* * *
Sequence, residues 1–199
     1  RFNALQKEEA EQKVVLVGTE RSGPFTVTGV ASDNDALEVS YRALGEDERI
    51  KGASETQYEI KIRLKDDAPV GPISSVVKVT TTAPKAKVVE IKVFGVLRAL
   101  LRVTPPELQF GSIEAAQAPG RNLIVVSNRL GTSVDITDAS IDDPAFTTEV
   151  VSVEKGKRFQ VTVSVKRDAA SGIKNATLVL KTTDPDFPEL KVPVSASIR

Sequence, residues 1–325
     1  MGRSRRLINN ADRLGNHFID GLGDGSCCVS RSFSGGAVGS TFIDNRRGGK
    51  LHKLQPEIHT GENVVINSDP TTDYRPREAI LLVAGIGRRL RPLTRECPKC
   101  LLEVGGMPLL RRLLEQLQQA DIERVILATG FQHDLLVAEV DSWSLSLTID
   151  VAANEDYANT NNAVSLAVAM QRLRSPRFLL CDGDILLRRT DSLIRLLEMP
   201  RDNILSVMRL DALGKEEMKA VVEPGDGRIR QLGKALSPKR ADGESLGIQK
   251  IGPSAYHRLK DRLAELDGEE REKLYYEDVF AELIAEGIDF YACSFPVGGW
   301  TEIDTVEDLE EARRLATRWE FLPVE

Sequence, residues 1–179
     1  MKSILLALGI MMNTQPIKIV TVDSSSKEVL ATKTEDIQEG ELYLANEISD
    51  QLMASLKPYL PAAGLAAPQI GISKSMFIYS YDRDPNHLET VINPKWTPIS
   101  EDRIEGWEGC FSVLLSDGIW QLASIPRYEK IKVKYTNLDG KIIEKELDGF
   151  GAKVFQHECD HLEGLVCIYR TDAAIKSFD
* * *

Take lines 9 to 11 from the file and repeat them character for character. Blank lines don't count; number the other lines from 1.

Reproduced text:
   101  LLEVGGMPLL RRLLEQLQQA DIERVILATG FQHDLLVAEV DSWSLSLTID
   151  VAANEDYANT NNAVSLAVAM QRLRSPRFLL CDGDILLRRT DSLIRLLEMP
   201  RDNILSVMRL DALGKEEMKA VVEPGDGRIR QLGKALSPKR ADGESLGIQK